Objectives: To investigate geographic differences in hysterectomy rates and effects on estimated screening coverage in South Australia. Methods: Hysterectomy data from South Australian hospitals for 1992-2000 were used to calculate age-specific hysterectomy rates for 20-69 year old women by residential subregion and postcode. Regional variations in rates were used to estimate variations in proportions of women with an intact uterus. Effects on estimates of screening coverage were investigated. Results: About 66% of South Australian women were estimated to have an intact uterus at 70 years of age, based on hysterectomy rates for 1992-2000. The proportion was smaller in lower than upper socio-economic areas, and in country areas than the State capital (Adelaide). Estimates varied from 49% to 73% across 20 subregions. About 67% of 20-69 year olds with an intact uterus were estimated to have been screened in the 24-month period from 2000 to 2001. Similar estimates applied to Adelaide and country areas, irrespective of whether adjustments were made for differences in hysterectomy rates. A lower screening coverage applied to lower than upper socio-economic areas of Adelaide, irrespective of whether these adjustments were made. While adjusting for variations in hysterectomy rates generally had little effect on estimated screening coverage, there were notable exceptions. For example, in one subregion, coverage increased among 50-69 year olds from 53% to 66%. Conclusions: Adjustments for variations in hysterectomy rates can affect estimated screening coverage in some localities. Such adjustments should be undertaken to better define areas of under-screening for targeting in screening promotion.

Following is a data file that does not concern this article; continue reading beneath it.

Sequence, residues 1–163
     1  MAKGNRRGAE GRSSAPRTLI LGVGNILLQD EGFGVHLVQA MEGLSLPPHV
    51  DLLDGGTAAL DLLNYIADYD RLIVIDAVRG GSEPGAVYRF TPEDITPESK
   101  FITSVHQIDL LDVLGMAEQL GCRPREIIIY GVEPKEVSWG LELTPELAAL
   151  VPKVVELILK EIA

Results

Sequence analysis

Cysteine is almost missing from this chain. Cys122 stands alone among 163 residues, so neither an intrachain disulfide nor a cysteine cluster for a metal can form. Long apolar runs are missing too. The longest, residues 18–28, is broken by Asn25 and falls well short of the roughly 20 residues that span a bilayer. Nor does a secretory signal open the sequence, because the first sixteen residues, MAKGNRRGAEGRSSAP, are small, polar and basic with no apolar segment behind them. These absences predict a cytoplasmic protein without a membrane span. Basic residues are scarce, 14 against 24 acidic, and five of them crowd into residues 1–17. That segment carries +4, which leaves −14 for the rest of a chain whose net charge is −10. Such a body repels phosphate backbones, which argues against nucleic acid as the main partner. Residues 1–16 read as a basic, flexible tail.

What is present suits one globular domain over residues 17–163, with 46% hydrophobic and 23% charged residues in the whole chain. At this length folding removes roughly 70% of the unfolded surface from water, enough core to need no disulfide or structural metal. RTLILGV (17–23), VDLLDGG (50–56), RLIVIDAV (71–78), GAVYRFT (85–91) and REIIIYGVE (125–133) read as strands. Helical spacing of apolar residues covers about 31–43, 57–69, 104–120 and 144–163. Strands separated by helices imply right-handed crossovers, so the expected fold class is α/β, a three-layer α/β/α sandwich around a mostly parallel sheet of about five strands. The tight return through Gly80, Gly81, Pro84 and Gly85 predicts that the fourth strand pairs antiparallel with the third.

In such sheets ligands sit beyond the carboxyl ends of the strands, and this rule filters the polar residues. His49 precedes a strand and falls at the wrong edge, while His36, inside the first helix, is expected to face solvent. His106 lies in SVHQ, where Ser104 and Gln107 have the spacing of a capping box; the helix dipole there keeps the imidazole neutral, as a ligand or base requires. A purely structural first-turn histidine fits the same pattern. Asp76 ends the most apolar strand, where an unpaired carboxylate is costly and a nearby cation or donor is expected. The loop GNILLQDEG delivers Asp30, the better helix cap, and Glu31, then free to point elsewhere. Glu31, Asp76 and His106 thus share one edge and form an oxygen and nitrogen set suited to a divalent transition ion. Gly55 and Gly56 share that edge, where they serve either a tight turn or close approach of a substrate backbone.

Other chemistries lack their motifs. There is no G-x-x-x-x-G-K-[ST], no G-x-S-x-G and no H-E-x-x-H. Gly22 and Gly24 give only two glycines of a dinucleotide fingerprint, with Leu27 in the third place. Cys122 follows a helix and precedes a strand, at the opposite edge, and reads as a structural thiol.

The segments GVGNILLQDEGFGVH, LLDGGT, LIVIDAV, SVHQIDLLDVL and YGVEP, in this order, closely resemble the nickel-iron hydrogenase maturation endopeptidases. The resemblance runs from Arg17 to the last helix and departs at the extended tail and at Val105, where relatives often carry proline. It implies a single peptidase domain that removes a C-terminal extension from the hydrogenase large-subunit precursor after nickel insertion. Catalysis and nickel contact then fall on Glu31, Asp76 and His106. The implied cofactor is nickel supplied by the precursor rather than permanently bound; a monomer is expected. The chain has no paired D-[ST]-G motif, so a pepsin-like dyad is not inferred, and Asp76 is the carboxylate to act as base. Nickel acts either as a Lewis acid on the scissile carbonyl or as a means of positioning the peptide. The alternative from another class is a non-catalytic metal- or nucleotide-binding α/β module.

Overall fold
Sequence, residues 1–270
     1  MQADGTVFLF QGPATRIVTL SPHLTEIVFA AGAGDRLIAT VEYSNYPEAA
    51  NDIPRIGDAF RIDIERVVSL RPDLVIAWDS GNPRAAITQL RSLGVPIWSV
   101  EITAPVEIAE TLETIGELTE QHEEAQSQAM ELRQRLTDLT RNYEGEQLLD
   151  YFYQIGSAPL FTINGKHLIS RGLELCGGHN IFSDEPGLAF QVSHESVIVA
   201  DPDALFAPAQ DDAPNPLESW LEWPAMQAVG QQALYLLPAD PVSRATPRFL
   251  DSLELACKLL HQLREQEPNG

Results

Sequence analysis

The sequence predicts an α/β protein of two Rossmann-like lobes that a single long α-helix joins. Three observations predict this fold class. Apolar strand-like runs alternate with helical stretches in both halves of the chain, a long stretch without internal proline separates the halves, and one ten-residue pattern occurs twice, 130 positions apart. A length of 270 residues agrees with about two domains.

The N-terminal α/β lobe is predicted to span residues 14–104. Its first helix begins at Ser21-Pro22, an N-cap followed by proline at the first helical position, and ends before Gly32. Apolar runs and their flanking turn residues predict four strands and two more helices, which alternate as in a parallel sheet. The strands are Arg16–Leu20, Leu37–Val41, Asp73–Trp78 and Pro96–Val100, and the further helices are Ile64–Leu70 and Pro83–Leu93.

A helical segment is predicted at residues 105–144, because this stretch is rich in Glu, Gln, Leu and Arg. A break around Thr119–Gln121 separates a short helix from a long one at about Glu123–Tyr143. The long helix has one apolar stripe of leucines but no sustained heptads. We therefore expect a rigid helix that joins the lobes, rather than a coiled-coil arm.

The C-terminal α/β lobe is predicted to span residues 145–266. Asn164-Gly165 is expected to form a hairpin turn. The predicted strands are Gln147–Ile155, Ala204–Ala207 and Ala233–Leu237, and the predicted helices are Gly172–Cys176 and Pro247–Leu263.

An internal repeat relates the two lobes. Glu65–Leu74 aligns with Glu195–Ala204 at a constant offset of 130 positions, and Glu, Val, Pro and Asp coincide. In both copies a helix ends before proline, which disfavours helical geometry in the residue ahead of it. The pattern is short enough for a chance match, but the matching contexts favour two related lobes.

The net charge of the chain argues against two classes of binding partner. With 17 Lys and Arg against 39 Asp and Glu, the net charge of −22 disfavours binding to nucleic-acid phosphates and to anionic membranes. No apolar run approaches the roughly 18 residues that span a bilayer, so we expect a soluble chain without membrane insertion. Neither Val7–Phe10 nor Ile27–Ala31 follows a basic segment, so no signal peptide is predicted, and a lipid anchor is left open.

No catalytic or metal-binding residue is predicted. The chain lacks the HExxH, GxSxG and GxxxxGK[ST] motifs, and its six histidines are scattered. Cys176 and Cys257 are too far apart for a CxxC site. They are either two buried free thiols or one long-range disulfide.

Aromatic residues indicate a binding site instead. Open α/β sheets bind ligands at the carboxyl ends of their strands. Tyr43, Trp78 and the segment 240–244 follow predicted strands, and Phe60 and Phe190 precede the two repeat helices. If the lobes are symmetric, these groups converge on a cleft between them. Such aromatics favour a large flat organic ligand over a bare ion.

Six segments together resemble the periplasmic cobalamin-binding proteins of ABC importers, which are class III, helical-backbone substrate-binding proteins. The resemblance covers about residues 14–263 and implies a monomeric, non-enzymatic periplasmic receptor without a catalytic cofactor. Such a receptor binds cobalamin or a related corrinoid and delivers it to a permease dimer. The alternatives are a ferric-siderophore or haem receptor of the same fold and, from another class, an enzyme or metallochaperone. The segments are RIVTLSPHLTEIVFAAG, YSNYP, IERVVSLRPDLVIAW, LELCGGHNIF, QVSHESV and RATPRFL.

|Number of pages||6|
|Journal||Australian and New Zealand Journal of Public Health|
|Publication status||Published or Issued - 2003|
ASJC Scopus subject areas
- Public Health, Environmental and Occupational Health